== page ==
Problem: This is the opposite of sour espresso; the grounds are now too compacted, making the water flow too slowly over extracting your espresso and resulting in a burnt taste.

Your grinds are either too fine, or you’re pushing down too hard when you tamp.

Solution: Whenever you taste burned espresso, change the settings on your grinder to a courser selection. This will allow the water to travel through the coffee grounds quicker, and it won’t give you a burnt, muddy flavor.

Leave a reply if none of these fixes work, and we’ll provide specific and detailed help! A bad-tasting cup of coffee will not be tolerated.

What To Do If Other Brewing Methods Are Resulting In A Sour Coffee Taste

Espresso isn’t the only brewing method, and many people enjoy a variation.

Unfortunately, the problem of sour coffee can be experienced with any of these options. Here are tips to ensure this doesn’t happen with some of the more popular brewing methods.

Coffee made with the French press

When you pour the coffee through the French Press method, be sure to allow at least four minutes for the coffee to brew.

There may be a need to grind a little finer than you do now, but be careful because this will be a little tricky.

To prevent clogging, adjust gradually until you find the sweet spot which will not muddy your cup.

Iced coffee

Coffee should not be sour in cold-brew, even though it tastes heavenly. Make sure that the ground steepens just enough so that there is no under-extraction.

In addition to not using enough grounds, you should follow a ratio of 1 to 4 or 1 to 5 for cold brew coffee.

Pour over or drip coffee

Sour drip coffee is normally due to the coffee grind size being too coarse A finer grind will brew a sweeter tasting coffee.

Make sure your drawdown time is between 15 and 30 seconds to prevent under extraction.

a barista holding an aeropress about to use it in an inverted method

Aeropress Coffee

When brewing with an Aeropress, you need a finer grind size to eliminate the bitter taste that is much like a sour espresso taste.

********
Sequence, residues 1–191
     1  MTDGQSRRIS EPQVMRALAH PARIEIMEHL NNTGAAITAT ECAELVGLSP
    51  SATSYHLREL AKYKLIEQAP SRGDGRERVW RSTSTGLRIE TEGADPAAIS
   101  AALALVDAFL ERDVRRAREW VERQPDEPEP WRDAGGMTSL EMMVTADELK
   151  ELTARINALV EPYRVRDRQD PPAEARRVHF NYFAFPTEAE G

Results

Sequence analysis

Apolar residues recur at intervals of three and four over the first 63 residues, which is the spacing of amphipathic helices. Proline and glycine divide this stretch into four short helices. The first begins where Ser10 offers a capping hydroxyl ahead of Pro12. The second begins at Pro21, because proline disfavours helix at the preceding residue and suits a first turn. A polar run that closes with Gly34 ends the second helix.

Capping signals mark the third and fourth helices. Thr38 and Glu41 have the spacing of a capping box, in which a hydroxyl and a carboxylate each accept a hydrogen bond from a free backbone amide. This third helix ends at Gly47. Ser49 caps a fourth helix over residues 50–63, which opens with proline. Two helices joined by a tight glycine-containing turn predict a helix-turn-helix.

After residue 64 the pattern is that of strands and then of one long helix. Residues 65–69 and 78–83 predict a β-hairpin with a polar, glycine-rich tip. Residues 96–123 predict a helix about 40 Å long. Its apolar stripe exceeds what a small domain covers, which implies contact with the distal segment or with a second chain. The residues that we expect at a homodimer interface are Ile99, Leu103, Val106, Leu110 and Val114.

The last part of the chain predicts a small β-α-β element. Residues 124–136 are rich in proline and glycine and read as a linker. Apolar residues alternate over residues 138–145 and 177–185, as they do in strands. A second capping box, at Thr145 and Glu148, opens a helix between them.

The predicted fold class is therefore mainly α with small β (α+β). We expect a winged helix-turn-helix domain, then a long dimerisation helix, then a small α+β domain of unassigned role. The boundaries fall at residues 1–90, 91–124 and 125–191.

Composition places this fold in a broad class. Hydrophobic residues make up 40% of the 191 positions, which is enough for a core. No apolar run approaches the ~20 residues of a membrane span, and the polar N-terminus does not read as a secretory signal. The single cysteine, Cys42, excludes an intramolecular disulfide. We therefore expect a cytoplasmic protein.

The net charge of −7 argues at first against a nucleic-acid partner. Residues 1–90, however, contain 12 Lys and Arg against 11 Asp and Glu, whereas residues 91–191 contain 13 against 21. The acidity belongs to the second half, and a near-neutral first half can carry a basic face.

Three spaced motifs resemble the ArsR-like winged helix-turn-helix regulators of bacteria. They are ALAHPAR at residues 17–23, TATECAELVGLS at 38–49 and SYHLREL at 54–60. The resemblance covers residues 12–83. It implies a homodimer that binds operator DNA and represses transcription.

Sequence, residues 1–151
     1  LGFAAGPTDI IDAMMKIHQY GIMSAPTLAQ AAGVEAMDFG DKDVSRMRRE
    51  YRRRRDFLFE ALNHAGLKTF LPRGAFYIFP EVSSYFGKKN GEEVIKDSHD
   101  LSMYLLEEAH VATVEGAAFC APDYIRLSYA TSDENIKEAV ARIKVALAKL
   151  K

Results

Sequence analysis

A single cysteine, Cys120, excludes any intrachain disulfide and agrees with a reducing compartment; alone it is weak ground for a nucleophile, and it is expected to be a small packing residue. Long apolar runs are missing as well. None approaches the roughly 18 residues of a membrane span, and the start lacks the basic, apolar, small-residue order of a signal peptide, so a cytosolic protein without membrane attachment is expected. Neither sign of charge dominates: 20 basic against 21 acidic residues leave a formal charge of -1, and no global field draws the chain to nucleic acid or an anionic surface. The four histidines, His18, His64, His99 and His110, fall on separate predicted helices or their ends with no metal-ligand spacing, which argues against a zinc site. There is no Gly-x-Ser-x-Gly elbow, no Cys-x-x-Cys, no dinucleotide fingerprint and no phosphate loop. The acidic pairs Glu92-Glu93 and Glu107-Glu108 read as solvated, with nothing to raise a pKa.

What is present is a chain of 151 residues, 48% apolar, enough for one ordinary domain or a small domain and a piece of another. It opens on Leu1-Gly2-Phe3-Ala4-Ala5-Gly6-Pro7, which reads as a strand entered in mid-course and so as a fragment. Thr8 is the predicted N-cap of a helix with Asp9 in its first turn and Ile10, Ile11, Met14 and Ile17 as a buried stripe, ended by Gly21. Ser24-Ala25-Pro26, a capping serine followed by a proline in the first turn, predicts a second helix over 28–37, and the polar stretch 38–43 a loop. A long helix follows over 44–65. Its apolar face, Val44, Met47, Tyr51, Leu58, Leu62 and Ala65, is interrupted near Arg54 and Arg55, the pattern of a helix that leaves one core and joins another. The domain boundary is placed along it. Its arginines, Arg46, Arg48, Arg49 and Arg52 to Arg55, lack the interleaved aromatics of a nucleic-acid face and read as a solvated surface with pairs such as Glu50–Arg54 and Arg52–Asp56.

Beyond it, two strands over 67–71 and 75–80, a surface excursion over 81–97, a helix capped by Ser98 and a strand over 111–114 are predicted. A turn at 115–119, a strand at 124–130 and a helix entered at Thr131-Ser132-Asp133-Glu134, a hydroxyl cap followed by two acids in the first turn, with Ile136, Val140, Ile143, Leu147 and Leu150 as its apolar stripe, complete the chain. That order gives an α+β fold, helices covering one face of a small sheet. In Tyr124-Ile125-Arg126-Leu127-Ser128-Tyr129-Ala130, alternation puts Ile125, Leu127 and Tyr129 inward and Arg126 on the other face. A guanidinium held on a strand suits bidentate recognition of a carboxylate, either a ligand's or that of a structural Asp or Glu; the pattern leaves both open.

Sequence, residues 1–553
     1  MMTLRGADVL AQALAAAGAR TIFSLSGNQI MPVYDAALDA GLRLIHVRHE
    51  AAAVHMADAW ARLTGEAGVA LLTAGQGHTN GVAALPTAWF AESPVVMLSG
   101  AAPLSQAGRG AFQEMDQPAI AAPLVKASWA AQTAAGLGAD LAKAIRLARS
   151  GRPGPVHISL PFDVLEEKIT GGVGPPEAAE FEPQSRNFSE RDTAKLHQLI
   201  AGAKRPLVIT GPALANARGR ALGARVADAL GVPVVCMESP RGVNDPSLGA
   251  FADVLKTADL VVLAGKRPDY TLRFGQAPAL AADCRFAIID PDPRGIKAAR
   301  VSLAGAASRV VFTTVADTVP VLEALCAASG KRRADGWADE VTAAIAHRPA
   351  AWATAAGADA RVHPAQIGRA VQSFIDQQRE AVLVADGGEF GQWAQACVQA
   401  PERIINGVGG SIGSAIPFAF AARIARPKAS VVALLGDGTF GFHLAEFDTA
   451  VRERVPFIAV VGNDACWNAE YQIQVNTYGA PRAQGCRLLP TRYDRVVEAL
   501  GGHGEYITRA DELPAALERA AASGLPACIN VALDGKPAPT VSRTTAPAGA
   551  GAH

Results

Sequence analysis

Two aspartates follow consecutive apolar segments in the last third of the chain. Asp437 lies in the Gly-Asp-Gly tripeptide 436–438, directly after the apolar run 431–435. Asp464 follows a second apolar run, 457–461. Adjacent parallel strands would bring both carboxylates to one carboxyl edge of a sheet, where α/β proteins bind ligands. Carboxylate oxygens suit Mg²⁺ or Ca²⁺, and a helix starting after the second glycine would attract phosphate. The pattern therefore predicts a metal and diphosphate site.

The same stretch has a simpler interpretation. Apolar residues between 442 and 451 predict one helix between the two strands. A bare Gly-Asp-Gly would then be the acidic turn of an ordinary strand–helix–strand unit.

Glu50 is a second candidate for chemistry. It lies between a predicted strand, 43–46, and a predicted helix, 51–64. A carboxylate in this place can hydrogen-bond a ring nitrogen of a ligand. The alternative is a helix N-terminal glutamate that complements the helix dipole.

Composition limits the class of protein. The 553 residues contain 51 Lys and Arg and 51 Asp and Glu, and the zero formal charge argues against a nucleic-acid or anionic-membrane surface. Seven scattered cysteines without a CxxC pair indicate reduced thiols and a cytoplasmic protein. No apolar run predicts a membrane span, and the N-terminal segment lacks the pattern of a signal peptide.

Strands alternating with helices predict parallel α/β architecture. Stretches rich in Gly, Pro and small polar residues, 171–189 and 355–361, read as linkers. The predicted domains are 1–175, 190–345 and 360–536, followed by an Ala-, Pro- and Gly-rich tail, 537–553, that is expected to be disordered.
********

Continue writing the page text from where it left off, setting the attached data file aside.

It is important to allow the extraction process to pull the sweet notes from the coffee to hide the acidic flavors.

Aeropress Espresso

If you don’t know how to do this, read our Aeropress review that explains how to do this.

Related article’s:

To obtain a full-bodied flavor, you can also use the inverted Aeropress method.

Aeropress Cold Brew

Should espresso be slightly sour

The taste of true espresso should be caramel-like, with sweet notes, rather than sour like unripened fruit.

To make your espresso taste sour, it is almost guaranteed that under extraction was to blame.

For a shot of espresso, what is the proper amount of coffee grounds used?

You will need 6-8 grams of coffee for a single shot of espresso and 18 to 21 grams of coffee for a double shot.

You will end up with a sour-tasting brew if you do not use enough coffee grounds for making espresso.

How Come My Espresso Is Salty?

Coffee brewed with lighter roasts from single sources tends to taste sour. This group comprises the majority of beans sourced from Indonesia.

There is also the possibility that you’re using specialty coffee (these types of flavored coffees are normally made with low-quality beans)

Your water temperature may be wrong; the roast may be too light for your taste preference.

How To Calculate An Espresso Coffee’s Ideal Extraction Rate?

There are various extraction ratios and total dissolved solids (TDS) percentages, and the TDS amount usually ranges between 18 and 22%. It should be noted that the TDS for each type of coffee may vary.

Remember, this is just a guideline, so don’t take it super seriously.


The problems with a sour-tasting espresso can be fixed by adjusting the grind size, the brew time, and adding more coffee grounds. To avoid an under-extracted cup of joe that tastes sour, make sure you use enough ground beans for your desired drink type.

Remember to experiment with different craft coffees as they may have varying TDS percentages than what is listed above. If none of these fixes work for you, or if you want help finding one that does, email me today!

I would love to hear if any of these solutions helped you or have done things differently to help eliminate a sour, bitter or burnt flavor to your espresso.

It’s often the case that espresso doesn’t taste as expected, but when you get it right, it’s delicious. Unfortunately, many things can cause a sour taste, including adding too much water or not grinding the beans finely enough.

The good news is that the issues are easily diagnosed and fixed; we will explain why your espresso tastes sour and how to fix it!